Preventing tick bites without toxic chemicals is a win-win for everyone – especially for those who have chronic liver disease.
Unless we are in the dead of winter, tick bites invoke anxiety in areas of the country where Lyme disease is prevalent. Lest they completely avoid the beautiful outdoors, folks in the northeast and upper midwest are accustomed to scanning their bodies for ticks to prevent Lyme disease. For those with a liver condition, ticks pose a double risk; Lyme disease (a tick-borne illness) and the chemicals in common tick repellents can both cause liver inflammation and damage.
The Lyme disease bacterium, Borrelia burgdorferi, is spread through the bite of infected ticks. The blacklegged tick (or deer tick) spreads the disease in the northeastern, mid-Atlantic, and north-central United States and the western-blacklegged tick spreads the disease on the Pacific Coast. Ranging in size from a sesame seed to a poppy seed, these ticks can be very small and often escape notice.
Symptoms of Lyme disease can be vague, and may progress to serious illness if not addressed swiftly. The initial stage of Lyme disease typically involves rash and flu-like symptoms, but some people do not notice anything out of the ordinary. If untreated, Lyme can affect various systems of the body, such as the nervous system, the heart and the joints. Some of the more common complications include stiff neck, severe headaches, joint pain and swelling, arthritis, facial palsy, heart palpitations, memory problems, chronic pain, Lyme carditis and other neurological deficits.
Addressed with antibiotics in the early stages, those with Lyme disease usually recover quickly and completely. However, not everyone is lucky enough to easily get rid of Lyme. Some who address it early and some who have progressed to more advanced stages of the illness may require prolonged antibiotic therapy to suppress Borrelia burgdorferi.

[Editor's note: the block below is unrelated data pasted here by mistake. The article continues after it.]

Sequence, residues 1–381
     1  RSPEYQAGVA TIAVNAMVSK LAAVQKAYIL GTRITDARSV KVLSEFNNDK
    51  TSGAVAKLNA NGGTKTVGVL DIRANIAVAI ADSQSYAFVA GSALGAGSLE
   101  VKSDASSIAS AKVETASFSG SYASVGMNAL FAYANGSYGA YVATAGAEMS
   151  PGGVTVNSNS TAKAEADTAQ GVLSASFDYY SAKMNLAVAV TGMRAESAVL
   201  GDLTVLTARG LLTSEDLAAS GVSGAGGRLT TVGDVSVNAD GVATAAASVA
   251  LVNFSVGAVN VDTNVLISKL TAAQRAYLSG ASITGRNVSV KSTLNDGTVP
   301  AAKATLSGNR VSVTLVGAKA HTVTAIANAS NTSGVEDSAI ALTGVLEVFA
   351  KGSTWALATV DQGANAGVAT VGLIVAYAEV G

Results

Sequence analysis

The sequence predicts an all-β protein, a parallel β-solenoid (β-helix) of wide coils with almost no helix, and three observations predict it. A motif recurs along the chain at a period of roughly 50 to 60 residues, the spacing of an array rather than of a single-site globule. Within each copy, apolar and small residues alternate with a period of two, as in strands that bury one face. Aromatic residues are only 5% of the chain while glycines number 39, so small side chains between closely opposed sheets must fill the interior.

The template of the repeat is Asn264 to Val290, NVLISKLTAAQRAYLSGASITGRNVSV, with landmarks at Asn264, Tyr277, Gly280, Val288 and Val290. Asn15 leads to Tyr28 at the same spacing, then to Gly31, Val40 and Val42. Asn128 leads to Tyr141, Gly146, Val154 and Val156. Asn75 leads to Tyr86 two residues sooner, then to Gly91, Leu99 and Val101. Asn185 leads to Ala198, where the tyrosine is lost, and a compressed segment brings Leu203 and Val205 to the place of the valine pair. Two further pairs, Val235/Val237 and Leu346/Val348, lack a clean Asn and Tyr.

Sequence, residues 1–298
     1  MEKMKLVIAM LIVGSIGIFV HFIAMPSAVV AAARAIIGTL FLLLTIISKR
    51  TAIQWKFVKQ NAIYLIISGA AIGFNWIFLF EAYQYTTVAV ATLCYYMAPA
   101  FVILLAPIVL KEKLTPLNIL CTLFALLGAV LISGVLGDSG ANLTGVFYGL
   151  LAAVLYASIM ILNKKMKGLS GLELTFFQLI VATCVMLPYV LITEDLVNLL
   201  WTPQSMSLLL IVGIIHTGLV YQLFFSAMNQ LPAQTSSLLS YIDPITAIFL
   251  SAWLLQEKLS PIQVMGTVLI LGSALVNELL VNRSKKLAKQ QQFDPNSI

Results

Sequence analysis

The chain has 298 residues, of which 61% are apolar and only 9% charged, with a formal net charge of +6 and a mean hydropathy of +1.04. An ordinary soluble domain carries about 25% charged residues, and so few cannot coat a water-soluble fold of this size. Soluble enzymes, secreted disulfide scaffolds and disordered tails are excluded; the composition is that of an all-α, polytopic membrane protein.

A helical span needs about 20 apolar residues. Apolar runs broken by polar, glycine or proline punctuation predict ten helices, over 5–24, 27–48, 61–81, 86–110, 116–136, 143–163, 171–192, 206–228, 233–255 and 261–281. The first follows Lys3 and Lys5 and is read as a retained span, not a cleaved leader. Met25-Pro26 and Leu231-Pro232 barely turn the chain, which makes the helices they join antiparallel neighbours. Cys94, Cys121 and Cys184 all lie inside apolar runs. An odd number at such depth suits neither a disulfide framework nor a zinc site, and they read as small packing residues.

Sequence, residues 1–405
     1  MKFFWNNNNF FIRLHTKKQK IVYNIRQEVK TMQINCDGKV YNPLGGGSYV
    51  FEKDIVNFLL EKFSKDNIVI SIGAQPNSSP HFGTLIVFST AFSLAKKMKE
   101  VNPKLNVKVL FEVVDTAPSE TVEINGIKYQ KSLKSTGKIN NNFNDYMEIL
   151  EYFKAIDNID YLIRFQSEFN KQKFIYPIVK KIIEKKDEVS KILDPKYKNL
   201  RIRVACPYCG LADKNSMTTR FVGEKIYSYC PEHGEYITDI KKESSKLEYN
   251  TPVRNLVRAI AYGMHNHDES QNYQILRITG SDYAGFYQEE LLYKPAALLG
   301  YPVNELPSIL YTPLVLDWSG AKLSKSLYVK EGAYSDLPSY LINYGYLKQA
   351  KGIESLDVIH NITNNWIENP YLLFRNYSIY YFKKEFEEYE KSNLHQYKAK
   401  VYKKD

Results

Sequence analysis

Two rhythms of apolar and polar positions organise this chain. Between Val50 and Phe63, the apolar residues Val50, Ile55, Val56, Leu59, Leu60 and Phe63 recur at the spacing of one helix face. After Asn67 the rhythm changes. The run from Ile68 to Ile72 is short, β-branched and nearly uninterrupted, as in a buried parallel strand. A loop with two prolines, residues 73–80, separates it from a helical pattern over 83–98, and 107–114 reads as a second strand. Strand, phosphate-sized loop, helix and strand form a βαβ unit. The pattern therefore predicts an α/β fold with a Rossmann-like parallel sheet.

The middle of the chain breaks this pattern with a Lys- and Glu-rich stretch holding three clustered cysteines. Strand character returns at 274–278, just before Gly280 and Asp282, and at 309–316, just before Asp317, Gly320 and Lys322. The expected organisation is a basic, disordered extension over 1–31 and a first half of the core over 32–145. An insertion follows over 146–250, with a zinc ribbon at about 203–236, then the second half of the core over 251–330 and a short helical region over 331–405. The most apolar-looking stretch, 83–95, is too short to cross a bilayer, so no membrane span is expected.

Lyme’s Liver Involvement
Lyme usually targets the nervous system, heart and the joints – but all parts of the body are connected. Thus, it is no surprise that researchers have found persistent infection with Lyme disease may cause inflammation of the liver – otherwise known as hepatitis. In a 2003 article published in Hepatology Journal, researchers studied people who had been bitten by a tick. They found:
- Over 40 percent showed at least one liver abnormality
- 27 percent showed more than one liver abnormality
- 66 percent of those who developed the second stage of Lyme disease had elevated liver function results
Experts believe that when Lyme disease progresses past the initial stage, the bacteria pass from the blood into the tissues. When this occurs, the disease becomes chronic – and the liver becomes vulnerable. Because those with a compromised liver are particularly susceptible to any lingering toxin or pathogen, chronic Lyme poses an additional challenge to liver disease sufferers.
http://pmep.cce.cornell.edu/profiles/extoxnet/metiram-propoxur/permethrin-ext.html, Pesticide Information Profile: Permethrin, Retrieved June 3, 2015, Extension Toxicology Network, 2015.
http://www.cdc.gov/lyme/stats/, Data and Statistics, Retrieved June 7, 2015, US Centers for Disease Control and Prevention, 2015.
http://www.cdc.gov/lyme/stats/, Signs and Symptoms, Retrieved June 7, 2015, US Centers for Disease Control and Prevention, 2015.
http://www.cdc.gov/ticks/avoid/on_people.html, Preventing Tick Bites, Retrieved June 7, 2015, US Centers for Disease Control and Prevention, 2015.
http://www.ehow.com/how-does_5529474_effects-lyme-disease-liver.html, The Effects of Lyme Disease on the Liver, Ruth St. James, Retrieved June 3, 2015, Demand Media, Inc., 2015.
http://www.healthandgoodness.com/article/the-dangers-of-deet.html, Dealing With Mosquitoes And Other Biting Insects Naturally and Safely, Dr. J Dunn, Retrieved June 3, 2015, Dr. J Dunn, 2015.
http://www.hepmag.com/articles/lyme_disease_2501_25844.shtml, Persistent Lyme Disease May Lead to Hepatitis, Retrieved June 3, 2015, Smart + Strong, 2015.